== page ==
We'll be walking across the bridge named after her soon, but who was she?
Dublin City Council has just voted to name the newest bridge across the Liffey after trade union activist and 1916 veteran Rosie Hackett. Who was she?
Liberty Hall, March 1916. Rosie Hackett held her nerve, as she always did. The policemen were here to raid the union shop. That was obvious. They’d been raiding shops and printers all across Dublin since early morning, seizing type and dismantling machinery. They were specifically looking for copies of an inflammatory St. Patrick’s Day issue of ‘The Gael’.
But Liberty Hall had a lot more than seditious journals to worry about. For several weeks, Rosie and her colleagues had been busy manufacturing ammunition, as well as new shirts, for the soldiers of the Irish Citizens Army.
‘Wait till I get the head’, she said, dashing next door where she told them to fetch James Connolly urgently.
As Rosie later wrote, Connolly was ‘down in a jiffy’. The first person he saw was a policeman behind the shop counter, his arms full of newspapers.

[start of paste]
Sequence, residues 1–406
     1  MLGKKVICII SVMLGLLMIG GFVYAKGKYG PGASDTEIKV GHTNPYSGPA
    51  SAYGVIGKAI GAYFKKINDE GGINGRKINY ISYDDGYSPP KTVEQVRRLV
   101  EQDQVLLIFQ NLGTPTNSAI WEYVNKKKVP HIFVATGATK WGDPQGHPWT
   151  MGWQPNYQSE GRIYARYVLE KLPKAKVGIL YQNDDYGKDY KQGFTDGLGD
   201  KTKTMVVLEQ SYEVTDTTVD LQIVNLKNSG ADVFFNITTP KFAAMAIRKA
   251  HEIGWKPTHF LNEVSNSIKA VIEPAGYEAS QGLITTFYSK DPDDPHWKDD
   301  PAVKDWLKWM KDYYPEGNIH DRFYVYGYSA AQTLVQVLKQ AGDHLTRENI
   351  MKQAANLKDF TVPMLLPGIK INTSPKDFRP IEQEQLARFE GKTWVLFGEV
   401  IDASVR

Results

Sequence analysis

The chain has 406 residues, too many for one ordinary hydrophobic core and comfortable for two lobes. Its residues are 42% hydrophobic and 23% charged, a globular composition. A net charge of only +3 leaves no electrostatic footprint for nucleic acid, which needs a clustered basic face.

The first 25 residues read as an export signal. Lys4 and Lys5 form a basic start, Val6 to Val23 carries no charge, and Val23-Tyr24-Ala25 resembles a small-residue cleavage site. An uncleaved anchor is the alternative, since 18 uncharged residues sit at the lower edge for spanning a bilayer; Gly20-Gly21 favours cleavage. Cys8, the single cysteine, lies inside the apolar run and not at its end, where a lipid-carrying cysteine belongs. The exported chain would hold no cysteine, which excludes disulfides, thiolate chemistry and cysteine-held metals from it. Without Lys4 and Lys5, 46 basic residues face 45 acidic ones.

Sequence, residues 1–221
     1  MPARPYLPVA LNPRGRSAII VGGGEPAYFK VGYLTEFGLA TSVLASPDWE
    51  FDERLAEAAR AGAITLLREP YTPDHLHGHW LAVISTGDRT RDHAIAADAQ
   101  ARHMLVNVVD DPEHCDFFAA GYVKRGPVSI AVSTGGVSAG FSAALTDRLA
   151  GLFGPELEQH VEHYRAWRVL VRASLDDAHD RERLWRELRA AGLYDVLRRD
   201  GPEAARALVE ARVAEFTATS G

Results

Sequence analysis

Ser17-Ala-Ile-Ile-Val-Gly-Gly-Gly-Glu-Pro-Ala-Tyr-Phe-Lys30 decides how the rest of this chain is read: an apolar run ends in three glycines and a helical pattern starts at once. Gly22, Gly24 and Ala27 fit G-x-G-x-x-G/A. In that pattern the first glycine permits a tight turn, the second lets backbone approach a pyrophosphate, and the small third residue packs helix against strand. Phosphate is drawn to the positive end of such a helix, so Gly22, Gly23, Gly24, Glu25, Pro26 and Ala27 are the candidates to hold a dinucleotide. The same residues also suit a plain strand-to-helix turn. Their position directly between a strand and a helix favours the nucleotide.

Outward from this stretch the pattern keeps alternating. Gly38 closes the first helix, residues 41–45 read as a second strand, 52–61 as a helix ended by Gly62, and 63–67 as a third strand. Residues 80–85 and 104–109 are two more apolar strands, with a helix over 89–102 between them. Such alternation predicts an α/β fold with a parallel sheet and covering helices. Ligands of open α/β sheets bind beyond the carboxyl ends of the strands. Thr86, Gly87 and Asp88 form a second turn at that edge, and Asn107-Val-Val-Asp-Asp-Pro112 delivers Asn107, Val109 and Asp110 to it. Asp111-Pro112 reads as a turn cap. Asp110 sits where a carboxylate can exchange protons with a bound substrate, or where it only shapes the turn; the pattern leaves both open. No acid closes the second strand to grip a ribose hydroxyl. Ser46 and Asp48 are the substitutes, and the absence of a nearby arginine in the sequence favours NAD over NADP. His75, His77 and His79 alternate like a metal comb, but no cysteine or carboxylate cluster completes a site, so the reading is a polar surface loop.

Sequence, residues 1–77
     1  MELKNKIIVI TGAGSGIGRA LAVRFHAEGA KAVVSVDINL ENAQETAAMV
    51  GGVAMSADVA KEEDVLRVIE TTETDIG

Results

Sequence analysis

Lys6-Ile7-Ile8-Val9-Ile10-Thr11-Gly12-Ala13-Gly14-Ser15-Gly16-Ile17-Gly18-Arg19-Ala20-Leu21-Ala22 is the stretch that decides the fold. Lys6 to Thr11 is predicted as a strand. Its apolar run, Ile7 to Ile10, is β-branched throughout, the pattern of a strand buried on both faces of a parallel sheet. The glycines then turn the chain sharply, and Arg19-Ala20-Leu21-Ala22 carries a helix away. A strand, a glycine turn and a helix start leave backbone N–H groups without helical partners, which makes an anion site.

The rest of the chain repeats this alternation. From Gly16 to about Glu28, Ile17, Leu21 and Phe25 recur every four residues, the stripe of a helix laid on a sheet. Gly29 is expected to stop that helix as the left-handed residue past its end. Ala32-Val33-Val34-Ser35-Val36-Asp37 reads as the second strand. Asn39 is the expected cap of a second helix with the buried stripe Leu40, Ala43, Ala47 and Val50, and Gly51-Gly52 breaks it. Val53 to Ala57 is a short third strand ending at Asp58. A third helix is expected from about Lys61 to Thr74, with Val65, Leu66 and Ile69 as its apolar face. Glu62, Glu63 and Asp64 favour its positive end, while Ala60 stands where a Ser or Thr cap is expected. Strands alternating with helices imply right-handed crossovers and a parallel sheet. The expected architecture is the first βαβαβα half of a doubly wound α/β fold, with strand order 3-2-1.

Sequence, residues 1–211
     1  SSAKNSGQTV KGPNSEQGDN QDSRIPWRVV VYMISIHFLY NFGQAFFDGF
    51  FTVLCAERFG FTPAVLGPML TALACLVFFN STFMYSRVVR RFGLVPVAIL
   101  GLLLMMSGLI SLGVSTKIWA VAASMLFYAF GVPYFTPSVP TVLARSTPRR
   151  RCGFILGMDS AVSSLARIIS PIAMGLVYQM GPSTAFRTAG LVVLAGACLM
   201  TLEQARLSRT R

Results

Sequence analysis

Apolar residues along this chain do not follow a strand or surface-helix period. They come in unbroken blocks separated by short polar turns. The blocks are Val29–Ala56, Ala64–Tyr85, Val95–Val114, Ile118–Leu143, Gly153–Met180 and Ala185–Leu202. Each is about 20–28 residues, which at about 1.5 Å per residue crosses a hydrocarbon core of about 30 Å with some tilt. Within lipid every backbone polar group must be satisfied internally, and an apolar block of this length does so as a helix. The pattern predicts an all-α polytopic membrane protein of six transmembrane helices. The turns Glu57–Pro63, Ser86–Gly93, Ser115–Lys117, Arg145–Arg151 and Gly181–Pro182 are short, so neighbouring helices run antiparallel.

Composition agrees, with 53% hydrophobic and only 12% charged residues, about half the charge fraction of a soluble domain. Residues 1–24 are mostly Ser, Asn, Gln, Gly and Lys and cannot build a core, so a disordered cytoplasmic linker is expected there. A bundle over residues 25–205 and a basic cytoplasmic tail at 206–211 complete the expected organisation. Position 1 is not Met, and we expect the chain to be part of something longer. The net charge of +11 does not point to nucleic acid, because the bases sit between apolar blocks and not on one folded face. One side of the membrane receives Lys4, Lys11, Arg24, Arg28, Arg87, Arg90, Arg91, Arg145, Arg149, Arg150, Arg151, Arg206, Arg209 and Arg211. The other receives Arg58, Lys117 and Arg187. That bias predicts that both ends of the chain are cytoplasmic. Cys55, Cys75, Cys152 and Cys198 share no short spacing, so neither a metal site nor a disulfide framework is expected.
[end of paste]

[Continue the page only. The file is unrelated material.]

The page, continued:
‘Drop them, or I will drop you’, growled Connolly.
Helena Molony, Rosie’s boss, was standing by the fireplace, her gun cocked and ready to shoot if things turned nasty. ‘She always had a gun, and was always prepared’, said Rosie.
The policeman put the papers down and they left, vowing to come back later.
‘They came back later with a warrant,’ wrote Rosie, ‘but they got nothing. I had hidden the stuff.’
Rosie Hackett’s calm but unbending resolve is one of the main reasons why this diminutive trade union activist has just had a bridge named in her honour, 120 years after her birth. The bridge, which will carry the Luas across the Liffey between Marlborough Street and Hawkins Street, is the first on the river to be named after a woman.